From its founding in 1949 through the dramatic events of 1989/90, the Federal Republic relied on a concept of "blood-based" citizenship (jus sanguinis), hoping to sustain ties between the peoples of the divided nation, as well as to protect "co-ethnic" groups scattered throughout historically defined eastern territories. Geographical reconfiguration, generational change and globalization processes have rendered Germany's insistence on an ethno-national citizenship paradigm detrimental to its own political and socio-economic interests. Ostensibly the real "losers" of unification, more than seven million "foreigners" and children of migrant descent are now set to become the long-term winners of Chancellor Merkel's pro-active measures to foster their integration and education. Making very effective use of EU initiatives on migration policy, Merkel has adopted a holistic approach to integration as a means of overcoming the FRG's looming demographic deficit and shortage of high-tech laborers. This study begins with profiles of three "migrant" generations and the changing opportunity structure each has encountered, leading to different degrees of identification with the new homeland. It then summarizes key features of the 2007 National Integration Plan, and examines factors allowing Merkel to blaze a trail through the perilous "immigration" territory all previous Chancellors had feared to tread. Despite internal opposition, Angel Merkel's pro-active efforts to redefine "what it means to be German" has, paradoxically, given the Christian Union a chance to modernize its own identity.
The European Union has been in its biggest ever crisis since the onset of the Greek sovereign debt crisis in 2010. Beyond the political and economic dimensions, the crisis has also sparked discussions about Germany's European identity. Some scholars have argued that Germany's behavior in the crisis signals a continuation of the process of “normalization” of its European identity toward a stronger articulation of national identity and interests, that it has “fallen out of love” with Europe. This article will seek to reassess these claims, drawing on detailed analysis of political and media discourse in Germany—from political speeches through to both broadsheet and tabloid newspapers. It will argue that the crisis is understood broadly as a European crisis in Germany, where the original values of European integration are at stake. Furthermore, the crisis is debated through the lens of European solidarity, albeit with a particular German flavor of solidarity that draws on the economic tradition of ordoliberalism. Rather than strengthening expressions of national identity, this has resulted in the emergence of a new northern European identity in contrast to Greece or “southern Europe.”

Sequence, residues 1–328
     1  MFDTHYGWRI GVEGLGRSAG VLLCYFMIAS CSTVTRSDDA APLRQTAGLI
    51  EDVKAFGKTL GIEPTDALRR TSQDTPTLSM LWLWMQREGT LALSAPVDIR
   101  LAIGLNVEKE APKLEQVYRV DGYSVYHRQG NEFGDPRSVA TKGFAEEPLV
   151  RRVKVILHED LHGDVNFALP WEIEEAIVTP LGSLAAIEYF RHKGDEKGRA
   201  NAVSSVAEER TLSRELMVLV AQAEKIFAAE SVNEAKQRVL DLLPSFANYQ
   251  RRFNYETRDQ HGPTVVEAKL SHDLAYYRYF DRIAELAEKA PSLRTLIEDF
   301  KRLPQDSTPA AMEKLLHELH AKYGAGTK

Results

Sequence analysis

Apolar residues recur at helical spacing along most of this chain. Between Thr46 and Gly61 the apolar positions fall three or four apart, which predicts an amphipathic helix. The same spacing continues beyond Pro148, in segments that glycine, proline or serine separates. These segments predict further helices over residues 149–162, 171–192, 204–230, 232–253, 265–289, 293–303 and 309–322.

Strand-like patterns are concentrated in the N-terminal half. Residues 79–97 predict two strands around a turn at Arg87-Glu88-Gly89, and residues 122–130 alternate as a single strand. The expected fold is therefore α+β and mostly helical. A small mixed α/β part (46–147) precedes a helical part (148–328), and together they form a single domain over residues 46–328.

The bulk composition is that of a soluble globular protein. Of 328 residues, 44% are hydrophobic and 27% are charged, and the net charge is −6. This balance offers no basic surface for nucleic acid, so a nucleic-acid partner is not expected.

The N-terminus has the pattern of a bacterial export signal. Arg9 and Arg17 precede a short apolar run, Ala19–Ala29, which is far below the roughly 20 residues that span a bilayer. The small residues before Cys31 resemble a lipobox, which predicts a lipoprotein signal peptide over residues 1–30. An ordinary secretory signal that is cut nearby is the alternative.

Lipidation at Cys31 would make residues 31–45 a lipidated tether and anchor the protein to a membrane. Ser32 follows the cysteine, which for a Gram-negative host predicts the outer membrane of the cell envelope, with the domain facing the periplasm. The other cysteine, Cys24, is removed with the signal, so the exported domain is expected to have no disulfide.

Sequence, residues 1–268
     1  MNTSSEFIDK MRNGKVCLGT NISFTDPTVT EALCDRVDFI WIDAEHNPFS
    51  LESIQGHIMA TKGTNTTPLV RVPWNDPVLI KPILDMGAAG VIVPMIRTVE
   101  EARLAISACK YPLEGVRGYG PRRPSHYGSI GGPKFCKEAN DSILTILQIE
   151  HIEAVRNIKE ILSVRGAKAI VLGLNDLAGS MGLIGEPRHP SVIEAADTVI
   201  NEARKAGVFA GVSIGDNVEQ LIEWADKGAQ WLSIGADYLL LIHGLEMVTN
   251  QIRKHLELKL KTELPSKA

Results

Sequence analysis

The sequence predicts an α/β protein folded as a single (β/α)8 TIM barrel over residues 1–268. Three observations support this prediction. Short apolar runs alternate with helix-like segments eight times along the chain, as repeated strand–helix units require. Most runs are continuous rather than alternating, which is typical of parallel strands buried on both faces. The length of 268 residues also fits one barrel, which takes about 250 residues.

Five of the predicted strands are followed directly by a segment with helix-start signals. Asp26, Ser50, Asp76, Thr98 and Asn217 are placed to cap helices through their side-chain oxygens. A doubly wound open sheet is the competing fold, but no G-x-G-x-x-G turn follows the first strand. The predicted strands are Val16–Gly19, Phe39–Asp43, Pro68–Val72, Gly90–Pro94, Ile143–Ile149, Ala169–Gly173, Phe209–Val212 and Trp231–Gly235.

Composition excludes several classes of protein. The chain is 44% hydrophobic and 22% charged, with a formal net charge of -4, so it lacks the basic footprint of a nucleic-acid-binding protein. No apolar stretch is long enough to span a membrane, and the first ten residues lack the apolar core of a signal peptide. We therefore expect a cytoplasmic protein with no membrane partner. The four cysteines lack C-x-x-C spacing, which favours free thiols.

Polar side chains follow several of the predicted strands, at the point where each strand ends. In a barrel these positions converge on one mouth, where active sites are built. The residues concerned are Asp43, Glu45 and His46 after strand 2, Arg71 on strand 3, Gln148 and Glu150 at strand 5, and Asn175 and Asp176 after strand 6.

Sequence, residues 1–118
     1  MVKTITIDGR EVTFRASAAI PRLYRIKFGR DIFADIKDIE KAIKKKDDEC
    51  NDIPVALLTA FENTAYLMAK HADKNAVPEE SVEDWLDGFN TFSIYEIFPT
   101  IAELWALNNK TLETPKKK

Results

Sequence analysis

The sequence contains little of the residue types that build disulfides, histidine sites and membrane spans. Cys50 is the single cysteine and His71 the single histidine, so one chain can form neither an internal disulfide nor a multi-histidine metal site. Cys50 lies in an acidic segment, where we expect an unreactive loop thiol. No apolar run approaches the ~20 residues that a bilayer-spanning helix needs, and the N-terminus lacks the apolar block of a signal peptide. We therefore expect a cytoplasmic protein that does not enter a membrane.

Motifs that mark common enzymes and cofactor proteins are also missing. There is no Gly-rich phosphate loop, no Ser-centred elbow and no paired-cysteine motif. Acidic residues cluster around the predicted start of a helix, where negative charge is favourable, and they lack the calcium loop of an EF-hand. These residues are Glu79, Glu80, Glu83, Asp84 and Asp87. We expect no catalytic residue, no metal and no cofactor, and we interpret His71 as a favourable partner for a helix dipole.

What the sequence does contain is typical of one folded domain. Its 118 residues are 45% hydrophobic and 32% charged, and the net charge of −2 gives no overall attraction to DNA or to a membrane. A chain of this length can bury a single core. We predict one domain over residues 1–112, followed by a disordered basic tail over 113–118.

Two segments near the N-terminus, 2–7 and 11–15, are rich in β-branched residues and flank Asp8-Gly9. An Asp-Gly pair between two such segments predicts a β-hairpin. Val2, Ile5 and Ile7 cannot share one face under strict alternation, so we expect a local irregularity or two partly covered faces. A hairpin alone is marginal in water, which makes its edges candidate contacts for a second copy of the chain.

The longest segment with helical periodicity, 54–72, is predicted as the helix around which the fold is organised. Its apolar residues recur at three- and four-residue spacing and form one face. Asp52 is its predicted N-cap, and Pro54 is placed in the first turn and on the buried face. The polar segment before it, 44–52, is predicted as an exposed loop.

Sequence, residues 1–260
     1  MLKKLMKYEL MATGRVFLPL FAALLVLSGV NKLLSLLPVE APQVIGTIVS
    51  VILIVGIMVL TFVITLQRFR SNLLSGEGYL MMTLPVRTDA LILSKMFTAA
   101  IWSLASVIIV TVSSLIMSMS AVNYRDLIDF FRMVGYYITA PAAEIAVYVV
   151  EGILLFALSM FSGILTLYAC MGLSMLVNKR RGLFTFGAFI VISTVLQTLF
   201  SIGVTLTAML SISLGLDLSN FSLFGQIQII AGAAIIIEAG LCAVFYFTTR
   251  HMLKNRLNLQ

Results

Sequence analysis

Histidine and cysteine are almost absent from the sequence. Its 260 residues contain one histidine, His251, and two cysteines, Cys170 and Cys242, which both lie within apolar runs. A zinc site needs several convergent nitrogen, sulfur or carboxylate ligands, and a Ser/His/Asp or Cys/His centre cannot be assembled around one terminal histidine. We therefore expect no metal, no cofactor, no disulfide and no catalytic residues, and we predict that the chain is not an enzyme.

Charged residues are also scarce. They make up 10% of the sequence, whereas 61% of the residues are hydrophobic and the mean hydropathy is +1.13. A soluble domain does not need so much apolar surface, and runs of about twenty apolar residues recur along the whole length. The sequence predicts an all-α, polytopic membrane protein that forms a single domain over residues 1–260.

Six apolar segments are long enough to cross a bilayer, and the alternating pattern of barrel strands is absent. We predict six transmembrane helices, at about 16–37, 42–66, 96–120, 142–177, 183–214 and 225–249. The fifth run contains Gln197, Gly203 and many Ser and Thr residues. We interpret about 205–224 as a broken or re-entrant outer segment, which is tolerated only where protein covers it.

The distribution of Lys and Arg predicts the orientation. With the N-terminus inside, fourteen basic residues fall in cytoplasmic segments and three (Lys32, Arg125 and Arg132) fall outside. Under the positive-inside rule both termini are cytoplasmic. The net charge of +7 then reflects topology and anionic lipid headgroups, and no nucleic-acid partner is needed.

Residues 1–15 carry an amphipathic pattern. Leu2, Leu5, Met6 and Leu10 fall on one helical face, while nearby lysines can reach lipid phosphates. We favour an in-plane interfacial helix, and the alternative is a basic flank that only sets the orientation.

Translocal Identities of the Far Right Web
Patricia Anne Simpson
, Der Flügel self-identifies as a resistance movement of the people, an alternative to the traditional political parties, and a staunch advocate of national sovereignty as well as German identity. Predictably, Der Flügel opposes the social experiments
PEGIDA, AfD, and Memory Culture in Dresden
narrative about the destruction and rebuilding of the city and a far-right narrative about fears of losing a unique German identity and homeland—can be seamlessly linked together and thus form a collaborative discourse pattern. This makes Dresden a fertile
see not only how the explorers negotiate their European identity in comparison to African otherness but also how they use their encounters to tentatively construct a specifically German identity as it asserts itself in colonial space. Their works
Arielle Fridson Bikard
In what way does national history shape the interpretation of international events in that country's media? Germany has always had a particularly sensitive and complex relationship with Israel. The Holocaust left such a scar on German identity that the country cannot consider Israel without confronting its own history. In Israel, Germany sees a “reflection“ of its own historical and symbolic space. In this article, I draw together a close reading of major German newspapers with more interdisciplinary theoretical perspectives in order to illuminate the mechanism of what I call “mirror reading,“ and especially to reveal its workings during what I consider a key shift in the discourse on German identity. The German print media, which I treat as the activating agent in German narration of national identity, plays a central role in this reflection by projecting national symbols onto Israel. In particular, I identify the initial reception of the Israeli wall (2003-2004) as a turning point in the debate on German self-understanding after the Holocaust. I establish that there are two extremes in a continuum of how German national history can frame the Israeli wall, one making Germany an active agent and the other a passive one. Employing national symbols in the media distorts the domestic perception of foreign events. My study casts a first light on this little understood—but nonetheless crucial—phenomenon.